Espinal's bill aims to protect employees' work-life balance and prevent retaliation for choosing not to be on call after work hours.
In a country where full-time employees often work an average of 47 hours per week, according to Gallup, a healthy life-work balance is much needed.
Brooklyn Councilmember Rafael Espinal sees that need, too. The councilman, who represents Bushwick, Brownsville, Cypress Hills and East New York, introduced on Thursday a new bill to protect workers from being "on call" after work hours without the fear of being fired.
"The Right to Disconnect," as the bill is titled, would make it illegal for any employer to require an employee to access work-related electronic communications outside of usual work hours. The legislation targets private employers who have ten or more employees and would require the employer to create a policy that informs workers of their rights. Employers who violate the law would be subjects to fines, enforced by the Department of Consumer Affairs.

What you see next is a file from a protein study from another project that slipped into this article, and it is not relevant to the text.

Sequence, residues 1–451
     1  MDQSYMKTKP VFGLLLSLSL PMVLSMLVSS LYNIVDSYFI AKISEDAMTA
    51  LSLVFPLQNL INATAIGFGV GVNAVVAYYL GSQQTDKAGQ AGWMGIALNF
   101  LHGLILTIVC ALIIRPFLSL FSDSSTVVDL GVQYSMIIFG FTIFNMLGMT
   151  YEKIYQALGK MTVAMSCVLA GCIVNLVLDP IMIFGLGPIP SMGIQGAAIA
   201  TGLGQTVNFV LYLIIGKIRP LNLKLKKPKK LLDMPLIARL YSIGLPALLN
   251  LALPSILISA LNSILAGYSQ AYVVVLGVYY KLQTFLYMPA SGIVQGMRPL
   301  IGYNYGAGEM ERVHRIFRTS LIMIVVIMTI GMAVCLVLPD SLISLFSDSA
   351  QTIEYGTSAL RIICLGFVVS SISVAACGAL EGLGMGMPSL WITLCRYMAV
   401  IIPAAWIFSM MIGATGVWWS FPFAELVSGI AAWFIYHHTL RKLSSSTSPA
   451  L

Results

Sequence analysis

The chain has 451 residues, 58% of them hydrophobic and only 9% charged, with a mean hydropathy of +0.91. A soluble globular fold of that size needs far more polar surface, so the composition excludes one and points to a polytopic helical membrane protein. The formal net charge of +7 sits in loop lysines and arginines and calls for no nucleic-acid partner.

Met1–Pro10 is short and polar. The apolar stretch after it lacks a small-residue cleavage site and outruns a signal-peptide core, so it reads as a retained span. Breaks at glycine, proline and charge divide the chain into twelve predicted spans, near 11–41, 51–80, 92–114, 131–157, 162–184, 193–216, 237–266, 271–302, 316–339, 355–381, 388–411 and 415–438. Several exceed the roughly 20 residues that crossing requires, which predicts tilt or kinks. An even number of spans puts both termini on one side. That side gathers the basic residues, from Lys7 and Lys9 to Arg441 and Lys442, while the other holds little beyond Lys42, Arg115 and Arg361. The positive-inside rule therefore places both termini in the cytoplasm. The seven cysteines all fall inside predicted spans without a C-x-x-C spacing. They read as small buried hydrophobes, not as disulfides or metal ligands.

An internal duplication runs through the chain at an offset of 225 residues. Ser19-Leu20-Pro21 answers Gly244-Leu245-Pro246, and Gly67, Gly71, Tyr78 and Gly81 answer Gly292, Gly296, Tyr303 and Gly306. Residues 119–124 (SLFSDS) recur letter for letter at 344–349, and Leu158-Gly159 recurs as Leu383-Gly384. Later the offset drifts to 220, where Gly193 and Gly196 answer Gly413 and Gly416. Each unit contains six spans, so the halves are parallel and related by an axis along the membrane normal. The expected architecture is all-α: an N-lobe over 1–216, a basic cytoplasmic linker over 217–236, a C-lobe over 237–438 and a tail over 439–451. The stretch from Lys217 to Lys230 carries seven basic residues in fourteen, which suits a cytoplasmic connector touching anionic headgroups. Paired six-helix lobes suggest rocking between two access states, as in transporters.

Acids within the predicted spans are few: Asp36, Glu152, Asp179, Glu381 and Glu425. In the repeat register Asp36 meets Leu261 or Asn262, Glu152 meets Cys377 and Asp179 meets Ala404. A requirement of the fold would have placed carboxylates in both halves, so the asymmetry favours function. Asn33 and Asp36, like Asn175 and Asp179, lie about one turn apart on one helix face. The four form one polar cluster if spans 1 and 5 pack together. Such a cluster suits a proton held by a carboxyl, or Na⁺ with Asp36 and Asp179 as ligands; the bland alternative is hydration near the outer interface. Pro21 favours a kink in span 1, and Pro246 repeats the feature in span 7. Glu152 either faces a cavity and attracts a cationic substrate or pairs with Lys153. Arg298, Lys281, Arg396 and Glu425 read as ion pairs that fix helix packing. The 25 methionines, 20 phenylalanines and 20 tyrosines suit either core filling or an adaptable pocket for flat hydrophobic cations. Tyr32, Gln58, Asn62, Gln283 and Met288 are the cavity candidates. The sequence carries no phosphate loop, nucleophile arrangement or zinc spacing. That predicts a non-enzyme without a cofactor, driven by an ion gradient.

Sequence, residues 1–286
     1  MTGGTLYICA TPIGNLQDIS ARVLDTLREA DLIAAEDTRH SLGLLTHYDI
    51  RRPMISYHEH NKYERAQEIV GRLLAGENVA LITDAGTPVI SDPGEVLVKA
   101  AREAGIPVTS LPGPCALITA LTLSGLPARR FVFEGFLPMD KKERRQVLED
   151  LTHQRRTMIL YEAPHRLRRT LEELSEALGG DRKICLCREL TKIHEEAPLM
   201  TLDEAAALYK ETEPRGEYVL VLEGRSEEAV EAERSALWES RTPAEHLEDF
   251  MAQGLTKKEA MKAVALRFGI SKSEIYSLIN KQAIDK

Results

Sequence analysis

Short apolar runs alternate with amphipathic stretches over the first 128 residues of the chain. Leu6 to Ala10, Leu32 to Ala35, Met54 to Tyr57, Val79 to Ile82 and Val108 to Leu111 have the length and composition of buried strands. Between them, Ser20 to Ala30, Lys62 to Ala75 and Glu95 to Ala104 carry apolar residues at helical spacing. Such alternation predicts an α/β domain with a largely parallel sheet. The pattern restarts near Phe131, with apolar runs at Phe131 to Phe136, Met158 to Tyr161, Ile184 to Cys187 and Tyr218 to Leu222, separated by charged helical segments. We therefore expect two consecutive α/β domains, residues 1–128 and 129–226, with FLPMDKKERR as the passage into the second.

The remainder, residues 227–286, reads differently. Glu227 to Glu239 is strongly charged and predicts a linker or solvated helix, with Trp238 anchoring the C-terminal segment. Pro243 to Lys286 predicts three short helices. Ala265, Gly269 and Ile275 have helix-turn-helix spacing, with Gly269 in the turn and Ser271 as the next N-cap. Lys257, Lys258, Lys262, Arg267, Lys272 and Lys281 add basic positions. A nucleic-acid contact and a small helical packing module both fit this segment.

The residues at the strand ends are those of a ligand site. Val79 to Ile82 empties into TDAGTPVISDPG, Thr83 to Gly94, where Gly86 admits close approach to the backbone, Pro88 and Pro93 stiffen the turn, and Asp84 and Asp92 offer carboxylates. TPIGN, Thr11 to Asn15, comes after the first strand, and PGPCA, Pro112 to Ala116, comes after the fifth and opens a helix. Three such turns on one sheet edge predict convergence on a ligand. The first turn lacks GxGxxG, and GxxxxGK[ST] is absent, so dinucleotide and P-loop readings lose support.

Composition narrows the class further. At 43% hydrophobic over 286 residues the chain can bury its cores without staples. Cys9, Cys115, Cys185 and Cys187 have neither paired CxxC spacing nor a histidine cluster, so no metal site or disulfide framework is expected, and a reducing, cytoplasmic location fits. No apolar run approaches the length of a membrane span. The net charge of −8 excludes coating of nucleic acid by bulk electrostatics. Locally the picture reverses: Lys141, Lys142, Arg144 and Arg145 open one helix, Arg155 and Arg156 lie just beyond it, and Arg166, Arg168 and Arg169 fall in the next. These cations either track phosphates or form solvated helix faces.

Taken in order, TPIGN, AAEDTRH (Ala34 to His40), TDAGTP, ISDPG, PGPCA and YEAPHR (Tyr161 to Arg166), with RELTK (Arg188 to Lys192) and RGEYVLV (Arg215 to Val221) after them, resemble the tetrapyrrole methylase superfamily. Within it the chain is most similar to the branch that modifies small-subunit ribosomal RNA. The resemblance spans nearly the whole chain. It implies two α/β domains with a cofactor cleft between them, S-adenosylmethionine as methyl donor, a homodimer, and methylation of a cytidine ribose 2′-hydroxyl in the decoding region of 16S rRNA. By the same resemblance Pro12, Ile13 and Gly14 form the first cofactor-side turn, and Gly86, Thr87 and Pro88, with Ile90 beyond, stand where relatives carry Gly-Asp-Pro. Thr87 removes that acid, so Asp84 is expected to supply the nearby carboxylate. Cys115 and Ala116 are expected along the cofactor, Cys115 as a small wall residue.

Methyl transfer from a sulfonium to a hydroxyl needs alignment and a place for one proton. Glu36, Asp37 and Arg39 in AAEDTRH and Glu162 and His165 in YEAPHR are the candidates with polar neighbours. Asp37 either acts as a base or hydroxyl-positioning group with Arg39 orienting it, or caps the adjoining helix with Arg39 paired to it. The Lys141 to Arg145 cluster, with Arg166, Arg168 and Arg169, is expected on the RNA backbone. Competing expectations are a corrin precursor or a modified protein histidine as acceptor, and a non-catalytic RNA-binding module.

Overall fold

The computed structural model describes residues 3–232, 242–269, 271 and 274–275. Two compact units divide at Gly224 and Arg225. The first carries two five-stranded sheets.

"After leaving the office, many of us are glued to our phones refreshing our Instagram feeds, but often times we are also keeping up with our work and bosses," said Espinal. "While technology has increased access to people and ideas, it's also made it possible for employees to be on call 24/7. We need to establish clear boundaries for employees so they can maintain a healthy work-life balance and live without fear of retaliation for not answering work communications after work hours."
Similar laws have already been instituted in France, Germany, Italy and the Philippines. New York City would be the first to establish this right and protection from retaliation in the United States. The law would not prohibit employers or employees from communicating or doing work at their will. Rather, it would prevent such work after hours as a requirement. Additionally, the bill also aims to prevent retaliation against employees who choose not to answer work communications while off the clock.
"The right to disconnect has proven effective in other countries and it is time NYC take this protective step to protect worker's rights," said Espinal.